My Best (Unsolicited) Advice if You Want To Write...
I am not great at receiving advice. I have a tendency to be contrary that I am consciously working on, but I also know myself and I know that sometimes, I just want someone to tell me what to do. So I offer you my 7 best pieces of advice for aspiring authors - paired with 7 great questions to ask yourself - in case you are like me - more into self-discovery than receiving advice.
1. Write. This may seem obvious, but I have known so many aspiring authors (myself included) who could talk till their mouths were dry about the stories that had to tell, the characters that live in their brains and their burning need to publish a book - but never took the leap to put pen to paper. So if you want to write, you have to write.
Q: How could you prioritize writing in your life?
2. Write Every Day. Ug - I can hear the eye rolls from here. I would have joined you 6 months ago - rolling my eyes till they rolled out of my head - and this rock-solid bit of advice I still struggle with, but just like exercising or eating healthy, you get the best results by practicing every day. Building a habit of writing can do 2 miraculous things: First, it minimizes resistance. Once something becomes a habit, we do it without thinking, and the act becomes effortless. Second - this is something that I learned that may resonate with you - days I write are better than days I don't. I sleep better, I worry less, my anxiety decreases, and I am happier. Short story? Daily writing improves the quality of my life.
Q: How could you support yourself in building a daily practice of writing?
3. Write Everyday for 2 Minutes. Yup - I said it. 2 minutes. If you set the goal of writing everyday for 2 minutes, so many of the other obstacles fall away. Everybody has 2 minutes free everyday. Seriously. Now, you are welcome to write for more than 2 minutes when the mood strikes you, but by writing for at least 2 minutes every day you will build a habit of writing, you will overcome resistance and you will make progress. 2 minutes every day = over 12 hours of writing every year.
Q: When could you find 2 minutes (or more) each day to write?
4. Keep going. Even if it is the “Worst Thing Anyone Has Ever Written, EVER” - write. Write even when you think it sucks and when it is boring and slow and frustrating, write. It gets easier, but only when you keep doing it.
Q: How could you keep writing when you feel frustrated, stuck, or blocked?
5. Switch it up. If you are stuck writing a book, write a list - grocery list, To-Do list, word list, list of things you want your characters to be/do/have. Write a poem, a song. Write an email or a review. Still stuck? Switch places. Try writing somewhere new, with something new - a new pen, a felt tip, on unlined paper, on the computer. Change something and see if something changes.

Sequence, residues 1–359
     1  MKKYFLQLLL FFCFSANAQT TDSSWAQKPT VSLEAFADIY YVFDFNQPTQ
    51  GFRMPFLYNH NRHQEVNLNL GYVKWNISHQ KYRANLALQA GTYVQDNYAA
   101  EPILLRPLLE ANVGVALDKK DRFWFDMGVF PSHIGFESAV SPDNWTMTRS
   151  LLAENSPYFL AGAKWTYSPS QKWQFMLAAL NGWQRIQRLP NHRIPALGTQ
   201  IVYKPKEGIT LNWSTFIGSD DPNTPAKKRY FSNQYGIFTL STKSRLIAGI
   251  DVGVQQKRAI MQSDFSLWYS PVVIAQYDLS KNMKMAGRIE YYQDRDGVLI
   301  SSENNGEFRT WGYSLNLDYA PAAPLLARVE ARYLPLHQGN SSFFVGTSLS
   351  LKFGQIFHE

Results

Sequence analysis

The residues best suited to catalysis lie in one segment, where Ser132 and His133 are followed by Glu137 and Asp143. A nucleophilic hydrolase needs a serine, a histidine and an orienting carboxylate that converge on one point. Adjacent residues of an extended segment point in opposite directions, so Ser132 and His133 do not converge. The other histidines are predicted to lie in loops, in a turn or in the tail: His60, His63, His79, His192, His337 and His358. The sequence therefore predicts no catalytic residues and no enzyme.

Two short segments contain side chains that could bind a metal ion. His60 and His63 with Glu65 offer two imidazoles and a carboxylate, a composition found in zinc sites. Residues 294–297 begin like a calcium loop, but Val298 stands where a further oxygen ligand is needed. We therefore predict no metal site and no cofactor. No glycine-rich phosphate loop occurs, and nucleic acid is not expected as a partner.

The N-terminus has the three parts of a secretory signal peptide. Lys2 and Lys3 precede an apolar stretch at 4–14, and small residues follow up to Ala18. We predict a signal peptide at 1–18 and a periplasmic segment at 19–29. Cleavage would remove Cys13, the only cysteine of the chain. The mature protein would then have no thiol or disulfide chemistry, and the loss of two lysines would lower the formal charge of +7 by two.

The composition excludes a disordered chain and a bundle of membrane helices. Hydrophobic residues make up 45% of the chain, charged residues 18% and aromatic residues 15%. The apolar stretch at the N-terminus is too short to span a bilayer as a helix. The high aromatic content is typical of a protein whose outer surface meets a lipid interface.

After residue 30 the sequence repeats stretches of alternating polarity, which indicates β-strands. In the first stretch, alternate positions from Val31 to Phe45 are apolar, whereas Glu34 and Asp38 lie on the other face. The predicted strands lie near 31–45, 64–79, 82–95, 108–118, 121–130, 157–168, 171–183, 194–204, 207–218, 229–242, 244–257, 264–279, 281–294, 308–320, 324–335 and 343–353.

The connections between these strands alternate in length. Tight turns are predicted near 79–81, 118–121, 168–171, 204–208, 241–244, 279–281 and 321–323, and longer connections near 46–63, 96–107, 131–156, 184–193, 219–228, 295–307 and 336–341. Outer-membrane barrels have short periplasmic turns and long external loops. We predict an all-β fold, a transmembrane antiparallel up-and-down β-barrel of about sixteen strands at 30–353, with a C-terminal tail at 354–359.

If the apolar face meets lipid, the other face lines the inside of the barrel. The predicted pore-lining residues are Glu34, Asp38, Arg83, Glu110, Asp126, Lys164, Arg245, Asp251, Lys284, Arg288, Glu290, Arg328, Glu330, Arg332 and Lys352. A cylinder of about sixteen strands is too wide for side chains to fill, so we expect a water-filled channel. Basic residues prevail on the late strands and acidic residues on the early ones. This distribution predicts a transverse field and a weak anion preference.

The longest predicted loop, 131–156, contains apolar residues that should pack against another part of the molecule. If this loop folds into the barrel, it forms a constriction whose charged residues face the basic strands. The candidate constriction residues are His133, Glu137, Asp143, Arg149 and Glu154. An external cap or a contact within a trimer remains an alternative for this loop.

Q: Where else could you write? What else could you write with? What else could you write on?
6. Remember: You Cannot Edit a Blank Page. Your first goal is to finish the thing - the book, the short story, the poem, the manuscript - whatever it is, just finish the first draft. Avoid editing as you write - it can strangle creativity. Write the whole thing - start to finish, in chunks, working backward from the end - any way you want to do it - then - and only then - go back and edit. Stephen King said, “Great books are not written, they are rewritten.” So write it first - even if it is TERRIBLE (and it probably won’t be) then edit, work it, finish and hone it so it is something you are proud of.
Q: How could you support yourself in writing the draft - the whole draft- first, before editing?
7. Create an Outline - Or a Mood Board. Still stuck? Don’t know where to go from here? Characters are all sitting on a couch in your head watching Netflix and waiting for instructions? Try writing an outline. You can walk the story forward step by step, or you can start at the end and work backward. You can gather inspiration in the form of pictures, or quotes and help them guide your next steps. You could pick a scene, any scene you want to write and write that - then write your existing story to catch up.
Q: What happens next? How does this end? What scene do I REALLY want to write?
Bonus: Give Yourself a Break. Discipline is great, but sometimes, you just need a break. Take a day off - change your focus - read - do something different to fill your cup and (the most important part!) DO NOT beat yourself up over it! Recognize that this is important - to step back, to step aside, and know that you will get back at it tomorrow. Pro Tip - a day off is a break - a week off might be procrastinating… only you can decide what is really going on.
Q: Do you really need a break, or are you really procrastinating?
So, there you go. My top 7 tips for aspiring writers. Lean into the process and enjoy. The whole universe is waiting for you where your pen meets the page.
Regina Grimm is the author of erotic fairytales, written for the uninhibited readers 18+. Check out her books - Snow White and the Wicked Curse: Chapter 1 andSnow White and the Vicious Curse: Chapter 2. Snow White and the Seven Thieves: Chapter 3 coming soon!